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  • Writer's pictureGregory J. Christiansen

Special Needs Trust – Caring for Those who Need Protection the Most

As we all are concerned for our children, we must pay close attention to those who need us the most. What would happen to these precious individuals should something unexpected occur to us?   There are several questions to consider, such as: what kind of assistance would your child require, what are the costs involved in providing this assistance, and what things would effect your child’s current benefits? These considerations can be addressed in a “Special Needs Trust.”

Special needs trusts are created to help manage funds for the person with special needs and help preserve their eligibility for public benefits. The trust acts as a supplemental resource to any assistance the child receives. The trustee of the special needs trust may use the funds for a variety of purposes other than basic needs including home health care, education, or entertainment.

Special needs trusts can either be “third-party” trusts or “self-settled” trusts. Third-party trusts are funded with assets not owned by the beneficiary. These assets typically come from family members or friends. Self-settled trusts are funded with the beneficiary’s assets such as an inheritance or personal injury settlement. Self-settled trusts are subject to a “payback” requirement for Medicaid while third-party trusts are not. Typically, a parent will set up a third-party trust for a child with special needs.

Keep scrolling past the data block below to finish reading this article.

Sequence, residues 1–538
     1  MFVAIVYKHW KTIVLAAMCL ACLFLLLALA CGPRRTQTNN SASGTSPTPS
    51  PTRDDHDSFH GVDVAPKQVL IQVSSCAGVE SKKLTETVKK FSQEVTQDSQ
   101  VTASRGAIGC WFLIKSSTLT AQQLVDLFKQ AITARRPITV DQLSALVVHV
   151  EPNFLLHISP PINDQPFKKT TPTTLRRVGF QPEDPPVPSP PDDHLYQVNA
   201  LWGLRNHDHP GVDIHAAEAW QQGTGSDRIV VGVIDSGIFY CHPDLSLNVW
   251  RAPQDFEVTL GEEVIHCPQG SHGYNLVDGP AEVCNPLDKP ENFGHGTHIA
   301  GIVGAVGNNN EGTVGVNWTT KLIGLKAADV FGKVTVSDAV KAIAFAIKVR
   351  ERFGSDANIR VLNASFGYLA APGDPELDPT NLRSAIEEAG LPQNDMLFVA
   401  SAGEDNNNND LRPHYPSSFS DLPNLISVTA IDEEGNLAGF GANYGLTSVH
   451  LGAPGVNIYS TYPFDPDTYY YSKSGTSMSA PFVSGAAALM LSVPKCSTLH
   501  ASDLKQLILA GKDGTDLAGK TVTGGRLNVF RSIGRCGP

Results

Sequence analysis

A parent may set up the trust either during their lifetime or after the parent dies by creating it in the parent’s estate plan. The first option is called a stand-alone trust where the special needs trust is created outside of the grantor’s primary living trust. The second option is called a testamentary trust in which the special needs trust is created within the grantor’s living trust and becomes effective upon the grantor’s death. One major advantage of a stand-alone trust is that anyone can make gifts to the trust for the benefit of the beneficiary. However, the primary advantage of placing the special needs trust within the parent’s living trust is that it can cost less because only one trust document is being drafted rather than two.

Another consideration in creating a stand-alone special needs trust is whether it should be revocable or irrevocable. If a stand alone trust is revocable then the grantor can change it at any time to fit the circumstances of the child. However, having a revocable trust also means that the trust is included in the grantor’s estate at the time of the grantor’s death, which can create estate tax issues. On the other hand, an irrevocable trust is one that cannot be changed and its assets are not included in the grantor’s estate for tax purposes.

Many people fear that when a disabled child receives a lump sum of money that the child will lose any public benefits he or she receives. However, a properly drafted special needs trust will ensure the child does not lose any benefits but rather has a supplemental resource for his or her care. Thus, a parent can rest assure that the funds in the special needs trust will be used to improve the child’s quality of life.

If you are considering a special needs trust for your loved one contact an estate planning attorney to discuss the benefits of a special needs trust in further detail.


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